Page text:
With a 94% audience rating on Rotten Tomatoes and over $100 million made globally, there is no denying the success of “Sonic the Hedgehog.”
However, that success did not come easily.
When the original trailer released in April 2019, it was met with an overwhelming amount of criticism from fans. After the backlash, Director Jeff Fowler tweeted that the character would be redesigned. The release date of the movie was then pushed from November 2019 to February 2020 and fans were again hopeful about the fate of their beloved hedgehog.
Ultimately the rework announcement made fans happy, but the redesign didn’t come without its own set of issues.
The animation studio that made the rework possible, Motion Picture Company, shut down its Vancouver branch in December. It’s unknown as to how many people were put out of work by this closure, but this is deeply upsetting to me personally.
Sonic was the character that got me into animation as a teen and always gave me inspiration to keep drawing and creating. He was what sparked interest in the film and entertainment industry for me. While I was genuinely excited to see this movie, it breaks my heart to know that it caused so many people such huge issues.
Despite all the setbacks, the blue blur finally made his way to the big screen and it was just what Sonic fans have been waiting for.
“Sonic the Hedgehog” follows the speedy and lovable blue hedgehog, voiced by Ben Schwartz, as he tries to avoid being captured by Dr. Robotnik, played by Jim Carrey, with help from local police officer Tom Wachowski, played by James Marsden. While it isn’t the most original storyline, Sonic’s charm is enough to keep you watching from start to finish and Schwartz does an amazing job bringing the same energy he presents in the video games to the movie.
Sonic’s super speed allows for some fun sequences throughout the movie, even making him appear to be in multiple places at once. The dynamic between the hedgehog and the other characters is fun and it’s easy to see yourself in this movie helping Sonic on his way to becoming a hero.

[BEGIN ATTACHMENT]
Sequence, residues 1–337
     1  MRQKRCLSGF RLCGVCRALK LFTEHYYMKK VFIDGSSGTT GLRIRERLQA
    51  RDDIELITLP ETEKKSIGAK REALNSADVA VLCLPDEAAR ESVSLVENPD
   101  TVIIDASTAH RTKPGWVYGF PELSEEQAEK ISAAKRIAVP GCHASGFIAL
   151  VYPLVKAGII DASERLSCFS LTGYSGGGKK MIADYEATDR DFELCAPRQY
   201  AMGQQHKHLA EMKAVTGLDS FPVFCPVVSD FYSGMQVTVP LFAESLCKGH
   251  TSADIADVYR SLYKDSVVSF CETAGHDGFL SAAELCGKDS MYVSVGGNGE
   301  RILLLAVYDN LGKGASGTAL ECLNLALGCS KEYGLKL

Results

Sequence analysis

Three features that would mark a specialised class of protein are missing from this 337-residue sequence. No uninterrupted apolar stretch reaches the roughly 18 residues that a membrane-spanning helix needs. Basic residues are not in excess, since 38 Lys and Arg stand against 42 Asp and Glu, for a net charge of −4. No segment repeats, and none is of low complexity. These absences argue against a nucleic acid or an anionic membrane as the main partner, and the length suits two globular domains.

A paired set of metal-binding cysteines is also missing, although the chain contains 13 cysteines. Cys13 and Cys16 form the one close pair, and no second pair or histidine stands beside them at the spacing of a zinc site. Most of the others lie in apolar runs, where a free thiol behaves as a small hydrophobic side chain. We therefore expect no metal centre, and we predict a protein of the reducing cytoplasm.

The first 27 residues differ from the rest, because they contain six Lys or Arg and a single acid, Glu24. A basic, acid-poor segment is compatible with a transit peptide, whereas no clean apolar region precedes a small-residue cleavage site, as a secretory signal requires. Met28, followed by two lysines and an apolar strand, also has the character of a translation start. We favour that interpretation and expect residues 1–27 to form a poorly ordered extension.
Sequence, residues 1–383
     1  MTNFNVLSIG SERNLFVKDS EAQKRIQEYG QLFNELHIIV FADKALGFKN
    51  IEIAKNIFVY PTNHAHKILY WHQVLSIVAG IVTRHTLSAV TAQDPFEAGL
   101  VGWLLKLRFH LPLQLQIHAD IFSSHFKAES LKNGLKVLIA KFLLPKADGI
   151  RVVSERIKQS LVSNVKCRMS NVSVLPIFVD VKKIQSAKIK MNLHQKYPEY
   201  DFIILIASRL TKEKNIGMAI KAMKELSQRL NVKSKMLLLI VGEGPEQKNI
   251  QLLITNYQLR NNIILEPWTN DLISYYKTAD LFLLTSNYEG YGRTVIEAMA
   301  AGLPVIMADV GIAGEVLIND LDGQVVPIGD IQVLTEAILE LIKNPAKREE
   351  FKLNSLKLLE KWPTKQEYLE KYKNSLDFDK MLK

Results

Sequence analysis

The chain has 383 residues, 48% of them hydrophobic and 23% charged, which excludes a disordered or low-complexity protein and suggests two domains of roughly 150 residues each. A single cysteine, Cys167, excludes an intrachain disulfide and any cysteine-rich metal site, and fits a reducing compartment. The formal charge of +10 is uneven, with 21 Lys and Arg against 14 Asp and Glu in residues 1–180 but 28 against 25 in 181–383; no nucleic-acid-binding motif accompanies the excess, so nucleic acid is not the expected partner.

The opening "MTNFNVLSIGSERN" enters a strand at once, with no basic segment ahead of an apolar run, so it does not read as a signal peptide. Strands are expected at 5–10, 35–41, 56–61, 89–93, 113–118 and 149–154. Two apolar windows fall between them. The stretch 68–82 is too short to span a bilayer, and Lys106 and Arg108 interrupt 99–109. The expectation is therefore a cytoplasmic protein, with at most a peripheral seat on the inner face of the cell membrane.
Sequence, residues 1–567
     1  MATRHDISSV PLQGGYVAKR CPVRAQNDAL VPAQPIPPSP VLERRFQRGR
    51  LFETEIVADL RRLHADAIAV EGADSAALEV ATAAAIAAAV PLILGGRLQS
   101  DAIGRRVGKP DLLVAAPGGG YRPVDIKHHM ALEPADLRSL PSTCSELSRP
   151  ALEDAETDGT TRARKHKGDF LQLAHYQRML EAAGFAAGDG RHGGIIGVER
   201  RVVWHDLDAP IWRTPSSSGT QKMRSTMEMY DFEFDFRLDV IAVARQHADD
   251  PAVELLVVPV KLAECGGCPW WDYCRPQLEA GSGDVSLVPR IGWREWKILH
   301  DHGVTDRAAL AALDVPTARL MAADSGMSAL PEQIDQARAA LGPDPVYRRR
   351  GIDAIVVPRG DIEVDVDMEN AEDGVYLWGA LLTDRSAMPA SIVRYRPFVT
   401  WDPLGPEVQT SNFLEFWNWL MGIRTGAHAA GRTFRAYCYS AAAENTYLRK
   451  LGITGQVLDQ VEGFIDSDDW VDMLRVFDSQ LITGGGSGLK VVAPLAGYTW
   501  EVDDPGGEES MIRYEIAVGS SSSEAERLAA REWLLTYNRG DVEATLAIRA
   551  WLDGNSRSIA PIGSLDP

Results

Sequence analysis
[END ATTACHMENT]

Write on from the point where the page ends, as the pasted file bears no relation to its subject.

This movie is also filled with references to the video games, comics and cartoons for Sonic fans to find and enjoy. From classic music and hidden logos, to internet memes like “sanic” and chili dogs, it is easy to see this movie was made for the fans.
One of my gripes with the film is that when the CGI characters meet the real life characters, it isn’t exactly seamless. The CGI does look good on its own, but there are moments when it breaks your immersion; however, it is never bad enough to become a distraction.
As I’ve already mentioned, the storyline isn’t the most original. The bottom line is that “Sonic the Hedgehog” is a kids movie, featuring childish jokes and more. For those who grew up with the 1991 video game this may be a bit disheartening, but it didn’t bother me too much while watching the movie.
While the movie wasn’t perfect, the video games never were either. All fans wanted was a fun movie with a Sonic that resembles how we all remember him looking and that’s exactly what we got.
Final Rating: 3 out of 4 kernels
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